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2018 Bristol: NASCAR Monster Energy - Saturday Notebook
Posted by: ASkyler on Apr 14, 2018 - 08:09 PM
Feature Articles
2018 Bristol: NASCAR Monster Energy - Saturday Notebook

By Reid Spencer NASCAR Wire Service

BRISTOL, Tenn. – Kurt Busch was a mere .002 seconds behind Kyle Busch in Friday’s Monster Energy NASCAR Cup Series qualifying at Bristol Motor Speedway.

On Saturday, however, a wall came between the brothers, who no longer will start side-by-side on the front row for Sunday’s Food City 500 (1 p.m. ET on FOX, PRN and SiriusXM NASCAR Radio).

Up until the final 10 minutes of final practice, the weekend had gone nearly perfectly for Kurt Busch, who was set to be part of a 1-2 start with his pole-winning brother for the third time. Then, suddenly, it all fell apart.

Busch was fourth fastest in Happy Hour, but on his 70th lap of the session, his No. 41 Stewart-Haas Racing Ford lost traction in Turn 2, spun sideways, slid down the backstretch and nosed into the inside SAFER barrier near the entrance to Turn 3.

With damage too severe to repair, Busch will be forced to start Sunday’s race in a backup car. That also means dropping to the rear of the field before the green flag.

“Sorry, guys,” Busch said on his radio after the wreck. “I was just trying to get everything.”

After exiting the car, Busch provided a post-mortem.

“I had 45 laps on the tires and was trying to get to 50, Busch explained. “The setup changes dramatically with air-pressure builds and the VHT (traction compound) changing, so I was just trying to do as much research as I could.

“The lap times were really good in the car and then, boom, there’s just no forgiveness right now with how many variables there are.”

Crew chief Billy Scott was busy harvesting items to transfer from the primary car to the backup.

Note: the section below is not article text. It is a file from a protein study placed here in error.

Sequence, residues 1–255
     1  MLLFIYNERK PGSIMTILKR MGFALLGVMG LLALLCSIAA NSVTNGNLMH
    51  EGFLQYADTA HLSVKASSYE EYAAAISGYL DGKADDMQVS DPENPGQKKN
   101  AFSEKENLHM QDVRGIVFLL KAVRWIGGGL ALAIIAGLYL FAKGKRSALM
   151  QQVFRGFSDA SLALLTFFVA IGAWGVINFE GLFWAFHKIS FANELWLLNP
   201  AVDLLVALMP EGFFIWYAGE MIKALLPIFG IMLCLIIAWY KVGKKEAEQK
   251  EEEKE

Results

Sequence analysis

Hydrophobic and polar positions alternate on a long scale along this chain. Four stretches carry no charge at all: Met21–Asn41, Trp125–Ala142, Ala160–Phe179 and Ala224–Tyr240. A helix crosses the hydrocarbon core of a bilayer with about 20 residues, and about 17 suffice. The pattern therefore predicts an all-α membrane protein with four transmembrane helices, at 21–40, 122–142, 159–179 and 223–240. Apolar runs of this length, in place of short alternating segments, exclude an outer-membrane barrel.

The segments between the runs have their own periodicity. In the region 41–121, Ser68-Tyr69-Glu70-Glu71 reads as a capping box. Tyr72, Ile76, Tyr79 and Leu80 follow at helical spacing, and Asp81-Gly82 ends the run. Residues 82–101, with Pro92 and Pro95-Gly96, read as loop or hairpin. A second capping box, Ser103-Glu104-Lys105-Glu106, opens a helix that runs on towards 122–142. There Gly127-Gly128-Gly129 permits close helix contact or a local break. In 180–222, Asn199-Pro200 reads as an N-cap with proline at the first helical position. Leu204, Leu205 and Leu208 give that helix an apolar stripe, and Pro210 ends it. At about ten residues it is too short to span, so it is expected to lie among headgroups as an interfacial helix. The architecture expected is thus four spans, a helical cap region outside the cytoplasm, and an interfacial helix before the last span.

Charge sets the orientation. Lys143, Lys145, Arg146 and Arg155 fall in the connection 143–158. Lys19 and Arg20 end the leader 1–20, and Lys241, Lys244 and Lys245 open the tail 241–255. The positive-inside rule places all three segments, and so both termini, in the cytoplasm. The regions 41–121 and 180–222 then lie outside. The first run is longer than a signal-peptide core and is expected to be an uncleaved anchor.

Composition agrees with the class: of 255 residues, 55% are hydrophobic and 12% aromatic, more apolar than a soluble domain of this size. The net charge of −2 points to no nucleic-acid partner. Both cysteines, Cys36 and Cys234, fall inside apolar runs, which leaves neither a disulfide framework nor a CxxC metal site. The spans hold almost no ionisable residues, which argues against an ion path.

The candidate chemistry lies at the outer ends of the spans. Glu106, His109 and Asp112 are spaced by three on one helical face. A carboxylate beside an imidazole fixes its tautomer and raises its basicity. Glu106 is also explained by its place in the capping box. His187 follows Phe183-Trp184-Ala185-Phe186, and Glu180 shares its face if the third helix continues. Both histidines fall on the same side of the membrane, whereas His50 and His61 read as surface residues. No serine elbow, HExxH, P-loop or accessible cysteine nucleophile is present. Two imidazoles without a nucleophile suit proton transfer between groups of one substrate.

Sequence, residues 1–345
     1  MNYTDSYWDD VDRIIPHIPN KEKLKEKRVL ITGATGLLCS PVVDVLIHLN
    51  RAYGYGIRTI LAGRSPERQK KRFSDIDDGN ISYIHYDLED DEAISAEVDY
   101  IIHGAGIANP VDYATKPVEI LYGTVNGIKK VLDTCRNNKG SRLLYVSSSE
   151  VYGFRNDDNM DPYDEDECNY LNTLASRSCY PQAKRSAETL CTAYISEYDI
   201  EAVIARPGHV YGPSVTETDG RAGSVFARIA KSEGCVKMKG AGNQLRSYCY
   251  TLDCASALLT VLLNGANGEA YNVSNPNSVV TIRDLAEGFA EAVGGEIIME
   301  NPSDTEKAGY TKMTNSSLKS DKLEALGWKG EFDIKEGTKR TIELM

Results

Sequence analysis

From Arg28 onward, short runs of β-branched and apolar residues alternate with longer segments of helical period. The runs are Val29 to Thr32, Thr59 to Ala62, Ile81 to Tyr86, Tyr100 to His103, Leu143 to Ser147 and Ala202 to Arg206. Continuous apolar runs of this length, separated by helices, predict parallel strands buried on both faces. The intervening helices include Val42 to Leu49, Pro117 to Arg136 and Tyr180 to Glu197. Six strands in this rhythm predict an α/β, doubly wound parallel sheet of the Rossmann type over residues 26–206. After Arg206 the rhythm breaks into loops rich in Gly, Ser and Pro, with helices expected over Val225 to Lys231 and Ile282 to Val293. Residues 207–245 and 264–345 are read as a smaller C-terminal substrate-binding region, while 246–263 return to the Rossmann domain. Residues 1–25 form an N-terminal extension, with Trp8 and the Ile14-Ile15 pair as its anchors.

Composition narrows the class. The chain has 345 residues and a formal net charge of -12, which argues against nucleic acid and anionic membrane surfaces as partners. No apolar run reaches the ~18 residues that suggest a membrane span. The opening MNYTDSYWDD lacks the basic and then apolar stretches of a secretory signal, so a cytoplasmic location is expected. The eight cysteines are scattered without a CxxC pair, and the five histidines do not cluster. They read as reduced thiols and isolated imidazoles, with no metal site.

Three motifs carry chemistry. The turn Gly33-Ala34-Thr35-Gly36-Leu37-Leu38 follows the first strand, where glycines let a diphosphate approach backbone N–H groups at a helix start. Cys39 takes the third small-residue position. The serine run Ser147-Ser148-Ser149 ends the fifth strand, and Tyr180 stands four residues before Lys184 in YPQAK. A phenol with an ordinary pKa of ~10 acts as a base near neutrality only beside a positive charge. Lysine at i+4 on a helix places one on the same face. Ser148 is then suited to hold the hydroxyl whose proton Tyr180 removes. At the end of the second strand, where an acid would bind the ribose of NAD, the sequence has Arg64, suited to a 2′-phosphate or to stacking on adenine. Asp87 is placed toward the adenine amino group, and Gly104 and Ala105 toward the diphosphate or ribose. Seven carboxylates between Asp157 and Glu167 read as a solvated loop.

“The (backup) car will be just as good,” Scott said. “We’ve just got to sort out all the parts and pieces to put on it.”


Michael McDowell may not have qualified on the front row—the Busch brothers did that—but his ninth-place effort during Friday’s time trials at Bristol Motor Speedway meant the world to Front Row Racing.

The addition of McDowell to an organization that already included two-time Monster Energy NASCAR Cup Series winner David Ragan seems to have formed a critical mass that is evident in the team’s performance.

When McDowell takes the green flag in Sunday’s Food City 500, he’ll be well within sight of the leaders. McDowell’s ninth-place qualifying run is a personal best at Bristol and the best-ever for Front Row.

“I was thinking about that (Friday), about what it means to an organization like ours, a smaller organization,” McDowell said after Saturday’s first practice at Thunder Valley. “It’s not just a confidence-builder. It gives you life inside the competitive side of things. It gives you hope, and it gives you a sense of accomplishment and gratification… and that there will be moments where you can capitalize.

“For us, you build a season off those moments.”

Another such moment occurred on Saturday, when Ragan, who had qualified 23rd, topped the speed chart in final practice.


Kurt Busch’s wreck wasn’t the only issue for Stewart-Haas Racing. Kevin Harvick, who had to go to a backup car after crashing in opening practice on Friday, struggled through two practice sessions on Saturday, running 16th in the morning and 24th in Happy Hour.

SHR teammate Clint Bowyer tangled with the No. 6 Ford of Trevor Bayne with roughly 10 minutes left in final practice, damaging the left front of his No. 14 Ford, but not severely enough to require a backup car.

In cooler temperatures on Saturday morning, Kyle Larson led the day’s first practice session at 129.004 mph, which exceeded Kyle Busch’s pole-winning speed of 128.822 mph from Friday afternoon.

Larson then spent most of final practice trying to rubber-in the top lane, where he prefers to run. Martin Truex Jr., who qualified 26th, was second fastest in Saturday’s first practice at 128.952 mph.

David Ragan paced final practice at 127.487 mph, followed by Chase Elliott and Denny Hamlin.

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